Criteria for group presentations

 

HD

D

CR

P

F

Topic

Good choice and balance of sources and materials on the topic. Suitable practical examples, personal examples (if any)linked to theory.

Use of different sources/materials to introduce topic;

Good practical examples

Critical view of texts in reader and/or of other related material ;

Some examples introduced

Text in course reader well summarized;

Some practical examples

Not well connected to topic of the week, all info taken from reader

Theoretical background

Critical evaluation of theory;

Linkage between theory mentioned in class and aspects not yet discussed

Good application of theory to case studies or relevant current affairs

Critical evaluation of theory;

introduction of theoretical aspects not mentioned in class before;

good application of theory (eg current affairs, case studies)

Critical evaluation of theory;

some application of theory (examples of current affairs, case studies)

Team correctly explains and uses known theory to back up presentation

Little or no theory

(Students use anecdotal evidence rather than theory)

Presentation style

Lively, mainly unaided presentation style, engaging use of space and materials, interaction between partners shows good knowledge of each other’s presentation parts.

Free speech (notes ok), clearly presented, innovative use of space and materials; good interaction between partners

Fairly free speech, group members use time evenly;

Lively, different modes of presentation , good coordination between team members

Clear presentation but read from script or at times incoherent/hard to follow. Presentation shows little coordination between team members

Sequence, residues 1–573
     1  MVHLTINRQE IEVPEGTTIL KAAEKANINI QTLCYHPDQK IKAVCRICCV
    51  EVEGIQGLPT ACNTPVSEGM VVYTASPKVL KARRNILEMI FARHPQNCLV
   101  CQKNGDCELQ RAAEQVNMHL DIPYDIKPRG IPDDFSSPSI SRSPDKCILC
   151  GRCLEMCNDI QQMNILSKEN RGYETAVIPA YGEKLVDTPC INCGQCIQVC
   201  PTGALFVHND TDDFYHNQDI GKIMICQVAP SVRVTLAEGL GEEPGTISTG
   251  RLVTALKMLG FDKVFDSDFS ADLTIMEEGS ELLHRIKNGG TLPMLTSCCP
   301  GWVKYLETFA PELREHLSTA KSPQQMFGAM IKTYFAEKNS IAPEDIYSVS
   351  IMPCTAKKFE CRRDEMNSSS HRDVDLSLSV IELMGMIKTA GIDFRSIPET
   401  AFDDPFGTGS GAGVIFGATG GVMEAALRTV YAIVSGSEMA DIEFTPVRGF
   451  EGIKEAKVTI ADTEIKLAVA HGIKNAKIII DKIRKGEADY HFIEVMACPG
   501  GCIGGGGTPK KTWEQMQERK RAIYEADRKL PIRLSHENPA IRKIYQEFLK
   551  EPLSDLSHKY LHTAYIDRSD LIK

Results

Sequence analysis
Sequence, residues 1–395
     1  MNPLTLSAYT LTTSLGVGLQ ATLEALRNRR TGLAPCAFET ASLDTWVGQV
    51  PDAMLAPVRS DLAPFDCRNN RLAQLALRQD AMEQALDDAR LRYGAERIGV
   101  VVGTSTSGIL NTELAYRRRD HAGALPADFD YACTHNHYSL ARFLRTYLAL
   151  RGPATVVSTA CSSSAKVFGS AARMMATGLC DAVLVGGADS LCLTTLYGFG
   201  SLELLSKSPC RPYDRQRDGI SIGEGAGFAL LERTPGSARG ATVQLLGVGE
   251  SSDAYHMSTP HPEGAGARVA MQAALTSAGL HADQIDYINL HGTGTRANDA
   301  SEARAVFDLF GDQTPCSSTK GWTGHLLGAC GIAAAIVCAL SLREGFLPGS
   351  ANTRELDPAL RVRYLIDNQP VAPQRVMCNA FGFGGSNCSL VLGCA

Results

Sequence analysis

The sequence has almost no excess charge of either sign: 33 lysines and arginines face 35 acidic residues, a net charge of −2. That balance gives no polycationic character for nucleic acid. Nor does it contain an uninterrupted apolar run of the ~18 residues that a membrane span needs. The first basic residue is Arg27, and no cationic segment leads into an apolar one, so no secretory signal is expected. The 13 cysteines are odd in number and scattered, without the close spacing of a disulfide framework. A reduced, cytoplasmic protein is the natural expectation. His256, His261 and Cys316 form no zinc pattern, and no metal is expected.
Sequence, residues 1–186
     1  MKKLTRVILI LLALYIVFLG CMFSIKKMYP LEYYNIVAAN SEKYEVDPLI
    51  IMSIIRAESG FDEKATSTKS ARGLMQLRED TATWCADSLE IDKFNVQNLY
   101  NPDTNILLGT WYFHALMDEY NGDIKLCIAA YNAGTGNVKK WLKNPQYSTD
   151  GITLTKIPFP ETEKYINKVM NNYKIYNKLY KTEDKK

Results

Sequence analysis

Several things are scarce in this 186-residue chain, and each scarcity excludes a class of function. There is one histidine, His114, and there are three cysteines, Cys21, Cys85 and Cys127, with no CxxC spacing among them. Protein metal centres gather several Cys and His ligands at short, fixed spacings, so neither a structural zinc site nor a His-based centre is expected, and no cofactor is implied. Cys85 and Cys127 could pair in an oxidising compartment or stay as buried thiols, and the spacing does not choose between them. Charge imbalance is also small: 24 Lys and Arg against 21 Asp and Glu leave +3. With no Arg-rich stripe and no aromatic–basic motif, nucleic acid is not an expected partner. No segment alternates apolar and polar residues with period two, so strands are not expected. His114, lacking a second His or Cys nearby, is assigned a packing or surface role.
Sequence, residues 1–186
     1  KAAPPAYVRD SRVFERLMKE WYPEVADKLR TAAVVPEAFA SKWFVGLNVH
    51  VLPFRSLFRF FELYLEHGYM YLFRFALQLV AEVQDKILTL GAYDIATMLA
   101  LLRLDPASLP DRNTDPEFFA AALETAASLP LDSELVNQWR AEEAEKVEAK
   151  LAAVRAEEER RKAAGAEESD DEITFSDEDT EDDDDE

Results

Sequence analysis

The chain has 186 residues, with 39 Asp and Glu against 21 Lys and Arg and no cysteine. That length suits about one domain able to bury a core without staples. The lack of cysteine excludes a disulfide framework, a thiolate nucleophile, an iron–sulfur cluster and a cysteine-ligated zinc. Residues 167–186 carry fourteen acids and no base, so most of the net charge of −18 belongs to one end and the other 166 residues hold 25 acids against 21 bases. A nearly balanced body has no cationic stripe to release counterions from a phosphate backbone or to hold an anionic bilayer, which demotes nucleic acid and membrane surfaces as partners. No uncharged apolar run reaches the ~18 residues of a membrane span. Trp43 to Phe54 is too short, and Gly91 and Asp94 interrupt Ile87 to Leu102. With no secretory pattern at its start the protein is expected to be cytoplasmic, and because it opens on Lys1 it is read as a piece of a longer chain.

Read from script, not well coordinated between partners, difficult to follow, flawed content

Involvement of group

Creative engagement of audience, various tasks that help others understand and apply key issues and theoretical approaches.

Creative idea that engages rest of the class and helps them understand the issue presented

Includes activity to involve rest of the class in the presentation

Some effort to involve class but mainly presented by team

Little involvement of other students or reduced to question/answer

 

 

 

 

 

 


This Assessment Task relates to the following Learning Outcomes:
  • Demonstrate the disciplinary knowledge of the meaning of ‘culture’, and reflect that knowledge in an awareness of students' own cultural identity and development of intercultural empathy
  • Analyse critically and evaluate the differences in verbal and non-verbal communication styles across cultures
  • Demonstrate a clear understanding and broad knowledge of the key theories, scholars and debates in the field of intercultural communication
  • Apply intercultural theory and research techniques to specific field work

Participation

Due: Ongoing
Weighting: 10%

Participation in tutorials is compulsory. You also need to attend lectures regularly, it will affect your participation mark if you do not attend lectures.

Criteria: students need to regularly attend lectures and tutorials (80% each), complete essential readings for each week as outlined in the reader and add to group discussions during tutorials.

HD

D

Cr

P

F

>80% attendance

Always punctual

>80% attendance

always punctual

>75% attendance

Almost always punctual

>75% attendance,

mostly punctual

poor attendance

Regular participation and meaningful contribution during tutes

Good collaboration, mindfulness and integration of others who may have language or other issues

Completion of most or all readings before class

regular participation and

significant contribution during tutes

has done most or all readings before class

regular participation

has done most readings before class

some participation,

has done some of the readings before class

no participation

 


This Assessment Task relates to the following Learning Outcomes:
  • Demonstrate the disciplinary knowledge of the meaning of ‘culture’, and reflect that knowledge in an awareness of students' own cultural identity and development of intercultural empathy
  • Analyse critically and evaluate the differences in verbal and non-verbal communication styles across cultures